Bécaud scored numerous hits over the remainder of the '50s, including "La Corrida" (1956), "Les Marchés de Provence" (1957), "Le Jour où la Pluie Viendra" (1957; written with Delanoé), and "C'est Merveilleux l'Amour" (1958), among others. Additionally, "Le Jour où la Pluie Viendra" was adapted into "The Day the Rains Came," and recorded for a chart-topping U.K. hit by Jane Morgan in 1958. It was the first of several Bécaud numbers that would find wider success via English translations, and he consolidated his growing reputation with extensive international touring. Bécaud also dabbled in film acting during this period, making his first appearance in 1956's Le Pays d'où Je Viens and continuing in 1957's Casino de Paris and 1959's Croquemitoufle. In 1960, Bécaud won the prestigious Grand Prix du Disque award, and composed an extended holiday work, a cantata titled "L'enfant à l'Étoile," which was broadcast on live television from a Paris church on Christmas Eve. He also scored another huge hit with "Je T'Appartiens," which became a U.S. Top Ten hit for the Everly Brothers as "Let It Be Me"; the song was later recorded by soul singers James Brown and Jerry Butler, country star Willie Nelson, Elvis Presley, Bob Dylan, Nina Simone, and many more.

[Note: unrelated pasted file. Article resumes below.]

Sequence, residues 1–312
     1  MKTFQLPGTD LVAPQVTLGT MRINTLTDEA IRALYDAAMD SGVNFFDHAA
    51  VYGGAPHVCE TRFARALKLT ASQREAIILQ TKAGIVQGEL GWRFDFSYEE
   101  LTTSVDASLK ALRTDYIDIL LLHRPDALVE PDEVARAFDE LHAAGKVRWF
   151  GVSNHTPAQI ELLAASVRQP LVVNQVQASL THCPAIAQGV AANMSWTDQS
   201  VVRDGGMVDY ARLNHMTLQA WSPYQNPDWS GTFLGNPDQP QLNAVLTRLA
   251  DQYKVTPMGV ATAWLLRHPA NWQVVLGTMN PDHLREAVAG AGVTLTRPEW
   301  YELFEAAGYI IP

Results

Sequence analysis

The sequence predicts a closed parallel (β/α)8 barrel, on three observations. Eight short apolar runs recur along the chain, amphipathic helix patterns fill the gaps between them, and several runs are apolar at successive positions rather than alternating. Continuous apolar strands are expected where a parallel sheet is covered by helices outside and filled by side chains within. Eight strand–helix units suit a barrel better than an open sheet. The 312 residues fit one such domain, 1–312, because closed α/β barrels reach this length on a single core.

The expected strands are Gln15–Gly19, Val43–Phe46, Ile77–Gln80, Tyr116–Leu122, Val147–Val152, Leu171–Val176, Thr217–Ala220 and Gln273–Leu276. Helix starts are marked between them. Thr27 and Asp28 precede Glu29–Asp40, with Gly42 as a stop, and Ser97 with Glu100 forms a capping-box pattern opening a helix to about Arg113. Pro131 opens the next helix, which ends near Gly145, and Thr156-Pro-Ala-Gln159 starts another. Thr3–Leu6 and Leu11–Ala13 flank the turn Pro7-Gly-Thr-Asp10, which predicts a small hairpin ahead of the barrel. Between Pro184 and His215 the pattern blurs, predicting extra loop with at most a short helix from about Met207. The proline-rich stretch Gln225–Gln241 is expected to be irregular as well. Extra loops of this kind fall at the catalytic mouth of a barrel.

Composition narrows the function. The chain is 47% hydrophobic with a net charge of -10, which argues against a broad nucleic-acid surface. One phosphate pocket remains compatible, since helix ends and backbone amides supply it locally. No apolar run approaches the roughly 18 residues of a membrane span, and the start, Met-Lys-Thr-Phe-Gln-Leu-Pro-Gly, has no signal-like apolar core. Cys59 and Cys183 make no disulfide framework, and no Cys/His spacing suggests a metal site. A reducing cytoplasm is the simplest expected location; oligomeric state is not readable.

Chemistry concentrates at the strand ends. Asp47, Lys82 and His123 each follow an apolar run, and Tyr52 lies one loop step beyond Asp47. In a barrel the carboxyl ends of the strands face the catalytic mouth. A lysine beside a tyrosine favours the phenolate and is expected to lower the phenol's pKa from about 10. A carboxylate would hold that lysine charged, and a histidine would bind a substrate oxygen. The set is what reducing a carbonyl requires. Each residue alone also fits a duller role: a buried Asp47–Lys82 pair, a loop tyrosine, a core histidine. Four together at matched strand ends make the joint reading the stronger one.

Bécaud scored the biggest hit of his career in 1961 with "Et Maintenant," a song he co-wrote with Pierre Delanoé that wound up ranking among French pop's all-time classics. Translated into English as "What Now My Love," it became a standard in America and Britain as well, recorded by Shirley Bassey, Sonny & Cher (a U.S. Top 20 hit in 1966), Frank Sinatra, Elvis Presley, Andy Williams, and countless others. In 1962, Bécaud completed work on a full-fledged opera, L'Opéra d'Aran, which premiered in Paris that October with Georges Prêtre conducting; he spent a good part of 1964 touring Europe with it. Meanwhile, the pop hits kept coming: "Un Dimanche à Orly" (1963), the enormous hit "Nathalie" (1964; probably his second best-known song), "Quand Il Est Mort le Poète" (1965), the controversial pro-de Gaulle anthem "Tu le Regretteras" (1965), and "L'Important C'est le Rose" (1967). Also, "Seul Sur Son Étoile" was adapted into the English-language hit "It Must Be Him," which Vikki Carr took into the U.S. Top Five in 1967. Bécaud continued his extensive international touring, and appeared frequently on French television during the late '60s.